Funding cuts could reverse fall in teenage pregnancy rate, warn expertsBMJ 2011; 342 doi: https://doi.org/10.1136/bmj.d1762 (Published 17 March 2011) Cite this as: BMJ 2011;342:d1762
Gains from a decade of action to cut teenage pregnancy rates in England must not be allowed to be reversed, health experts have told a seminar in London. Sexual health services for young people need to be given a high priority under the government’s planned shake-up of public health, with proper funding and staffing, they said.
Around 90 experts from organisations including the NHS, local government, universities, and charities joined the Westminster Health Forum seminar “Tackling Teenage Pregnancy” on 15 March.
Alison Hadley, head of the Department for Education’s teenage pregnancy unit, told the seminar that the previous Labour government’s 10 year strategy to cut the teenage pregnancy rate had achieved “real progress.”
Though England continues to have the highest rate of teenage pregnancy in western Europe, the rate is at its lowest in 30 years, having fallen 18% in the past 10 years. There were 36 000 pregnancies in women under 18 years old in 2009, down from 44 000 in 1998. Most of the conceptions in 2009 were unplanned, and about half ended in abortion.
Ms Hadley said that although Labour’s strategy had not met its target to halve the teenage pregnancy rate by 2010, an estimated 50 000 more conceptions would have occurred over the period without it. She said that 89% of local authorities had reduced their teenage pregnancy rate, with some of the biggest falls in areas of high deprivation, such as Hackney and Tower Hamlets in London, Oldham, and Blackburn.
She said, “There is too much to lose; we can’t let this go backwards.”
Teenage pregnancy is linked to child poverty and worsens health inequalities, often leading to poor outcomes in the long term for young parents and their children, the seminar heard.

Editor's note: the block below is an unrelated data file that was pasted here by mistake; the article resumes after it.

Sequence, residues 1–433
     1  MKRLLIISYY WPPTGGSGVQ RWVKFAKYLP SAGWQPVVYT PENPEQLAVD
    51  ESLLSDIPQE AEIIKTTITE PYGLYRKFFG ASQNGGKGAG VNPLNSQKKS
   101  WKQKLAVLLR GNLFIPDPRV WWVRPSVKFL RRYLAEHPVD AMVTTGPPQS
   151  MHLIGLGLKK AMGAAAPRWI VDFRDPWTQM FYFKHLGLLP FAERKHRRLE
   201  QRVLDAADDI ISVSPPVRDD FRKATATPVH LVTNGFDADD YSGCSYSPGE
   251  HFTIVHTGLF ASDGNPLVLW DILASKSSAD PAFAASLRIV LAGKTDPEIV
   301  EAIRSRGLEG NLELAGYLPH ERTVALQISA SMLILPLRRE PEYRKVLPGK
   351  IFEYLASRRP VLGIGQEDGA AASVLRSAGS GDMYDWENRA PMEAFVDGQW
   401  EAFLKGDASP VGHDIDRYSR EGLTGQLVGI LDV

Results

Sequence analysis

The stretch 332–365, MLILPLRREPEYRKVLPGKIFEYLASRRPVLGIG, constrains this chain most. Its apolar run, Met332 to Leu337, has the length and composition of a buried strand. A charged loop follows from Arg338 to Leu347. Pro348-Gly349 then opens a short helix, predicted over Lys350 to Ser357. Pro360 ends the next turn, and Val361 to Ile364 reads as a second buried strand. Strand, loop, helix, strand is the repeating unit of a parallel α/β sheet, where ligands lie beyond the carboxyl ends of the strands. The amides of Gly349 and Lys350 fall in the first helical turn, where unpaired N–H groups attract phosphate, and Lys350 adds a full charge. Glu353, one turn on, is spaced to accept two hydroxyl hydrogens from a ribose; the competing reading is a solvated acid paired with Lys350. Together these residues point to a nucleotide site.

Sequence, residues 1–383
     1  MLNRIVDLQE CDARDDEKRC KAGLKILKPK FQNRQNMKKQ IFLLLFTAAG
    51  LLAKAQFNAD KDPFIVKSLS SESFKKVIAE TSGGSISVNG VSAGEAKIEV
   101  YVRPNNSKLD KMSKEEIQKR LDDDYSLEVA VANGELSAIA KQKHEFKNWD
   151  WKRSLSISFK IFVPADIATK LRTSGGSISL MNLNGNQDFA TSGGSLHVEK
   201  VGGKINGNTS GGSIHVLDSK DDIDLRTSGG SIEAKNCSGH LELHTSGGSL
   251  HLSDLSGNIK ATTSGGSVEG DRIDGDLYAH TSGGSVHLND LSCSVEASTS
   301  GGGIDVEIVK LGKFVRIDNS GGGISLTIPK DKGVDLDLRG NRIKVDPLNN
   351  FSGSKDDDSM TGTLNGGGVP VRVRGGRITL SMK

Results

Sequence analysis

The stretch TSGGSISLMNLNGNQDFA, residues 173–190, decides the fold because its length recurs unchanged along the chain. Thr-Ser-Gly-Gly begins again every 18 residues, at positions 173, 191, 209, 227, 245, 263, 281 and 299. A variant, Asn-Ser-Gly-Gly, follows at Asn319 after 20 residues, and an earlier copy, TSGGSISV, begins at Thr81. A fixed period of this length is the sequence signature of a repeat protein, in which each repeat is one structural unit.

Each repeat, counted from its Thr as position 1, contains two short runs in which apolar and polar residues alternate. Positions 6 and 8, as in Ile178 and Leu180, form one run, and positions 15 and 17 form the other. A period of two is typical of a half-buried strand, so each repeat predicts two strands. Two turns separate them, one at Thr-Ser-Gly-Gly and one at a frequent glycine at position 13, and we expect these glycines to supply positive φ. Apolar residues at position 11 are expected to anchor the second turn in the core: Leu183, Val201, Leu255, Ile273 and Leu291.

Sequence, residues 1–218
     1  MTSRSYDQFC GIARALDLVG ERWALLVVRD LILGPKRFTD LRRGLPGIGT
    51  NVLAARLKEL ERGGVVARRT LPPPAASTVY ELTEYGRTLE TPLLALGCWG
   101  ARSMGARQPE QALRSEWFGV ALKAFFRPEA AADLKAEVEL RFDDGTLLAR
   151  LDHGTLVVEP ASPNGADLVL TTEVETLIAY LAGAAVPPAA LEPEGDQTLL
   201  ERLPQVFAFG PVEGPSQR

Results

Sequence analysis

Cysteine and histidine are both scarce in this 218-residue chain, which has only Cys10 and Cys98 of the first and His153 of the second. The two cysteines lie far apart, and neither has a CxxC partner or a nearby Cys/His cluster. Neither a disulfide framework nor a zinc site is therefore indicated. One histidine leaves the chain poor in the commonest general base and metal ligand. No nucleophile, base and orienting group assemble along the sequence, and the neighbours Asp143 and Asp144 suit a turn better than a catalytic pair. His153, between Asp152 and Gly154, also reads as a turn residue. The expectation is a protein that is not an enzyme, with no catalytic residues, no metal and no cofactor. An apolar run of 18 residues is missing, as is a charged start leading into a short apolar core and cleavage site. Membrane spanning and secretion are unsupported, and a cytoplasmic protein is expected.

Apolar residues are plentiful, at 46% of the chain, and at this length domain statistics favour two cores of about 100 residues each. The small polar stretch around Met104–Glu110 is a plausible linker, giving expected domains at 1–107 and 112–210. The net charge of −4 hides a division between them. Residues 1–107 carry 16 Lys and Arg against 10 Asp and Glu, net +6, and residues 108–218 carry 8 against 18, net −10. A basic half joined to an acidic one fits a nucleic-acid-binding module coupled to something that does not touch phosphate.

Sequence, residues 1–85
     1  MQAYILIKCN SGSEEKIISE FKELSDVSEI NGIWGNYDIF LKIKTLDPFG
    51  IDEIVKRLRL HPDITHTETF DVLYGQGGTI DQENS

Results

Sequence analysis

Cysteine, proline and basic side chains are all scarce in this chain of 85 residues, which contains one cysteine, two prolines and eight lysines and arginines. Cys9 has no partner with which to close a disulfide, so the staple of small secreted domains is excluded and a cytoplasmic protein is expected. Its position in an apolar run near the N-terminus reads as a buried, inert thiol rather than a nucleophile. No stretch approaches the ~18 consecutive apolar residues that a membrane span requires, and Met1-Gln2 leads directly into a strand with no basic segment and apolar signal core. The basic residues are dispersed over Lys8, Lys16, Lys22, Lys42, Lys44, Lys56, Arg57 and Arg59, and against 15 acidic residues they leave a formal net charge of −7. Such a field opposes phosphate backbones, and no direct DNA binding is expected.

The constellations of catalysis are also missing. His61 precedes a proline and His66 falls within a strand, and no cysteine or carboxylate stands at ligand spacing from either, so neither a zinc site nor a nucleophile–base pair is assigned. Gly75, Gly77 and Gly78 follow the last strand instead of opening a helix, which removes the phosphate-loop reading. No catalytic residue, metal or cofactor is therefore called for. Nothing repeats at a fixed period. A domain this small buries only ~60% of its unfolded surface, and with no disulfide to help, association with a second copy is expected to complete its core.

Ms Hadley said that there was good evidence to show what measures worked to reduce teenage pregnancy rates. These included high quality education on sex and relationships, easy access to “youth friendly” contraceptive services, and early intervention to target young women at the greatest risk of pregnancy.
Experts discussed how to communicate messages more effectively to young people and deliver effective sex and relationships education in schools, colleges, and youth services.
Jane Lees, chairwoman of the Sex Education Forum, said that “alarmist” media reports about the content of materials that might be used to support sex and relationships education in primary schools did not help. She said of such material that “it is not the Kama Sutra for 5 year olds.” Information had to be appropriate to children’s age to be effective, she added.
“Younger pupils will often ask profound questions about reproduction and relationships. It makes it quite clear that they are ready for sex and relationship education,” said Ms Lees.
Other experts spoke of the importance of consulting young people to reflect their concerns, training staff well to deliver services, and providing effective leadership and support to parents.
Kate Smith, head of the “healthy lives” initiative for the London Borough of Tower Hamlets, described how problems had been overcome there through consultation with communities that included religious groups with “negative” views on sex and relationships education. She said, “If we can do it in Tower Hamlets it is genuinely possible everywhere else.”
The seminar heard how forthcoming NHS reforms affecting commissioning and public health services might alter sexual health services for young people.
Kate Quail, the Department of Health’s head of national support teams for teenage pregnancy, said that people working in sexual health had been raising concerns about “huge disruptive change.” These included the possible effect of NHS reorganisation, greater competition for resources, and loss of posts and funding, she said.
Nursal Livatyali, a teenage pregnancy coordinator for the London Borough of Enfield, said she feared that posts such as hers would be lost in many local authorities that were short of cash. She said, “I don’t think the government is taking enough steps to ensure this wonderful downward trend [in teenage pregnancy rates] will continue.”
Simon Blake, chief executive of Brook Advisory Centres, said, “The big worry is the maths won’t add up. Will there be enough money and people?” He said that many voluntary bodies with a role to play in sexual health were “struggling to survive.”
The coalition government is about to draw up a new sexual health policy document. Judith Hind, contraception manager with the sexual health team in the Department of Health, said that the government wanted to join up services “in a way that matters for young people.”
She said, “We think this offers the best approach to make sure the gains we’ve made over the past few years will be taken forward.”
Cite this as: BMJ 2011;342:d1762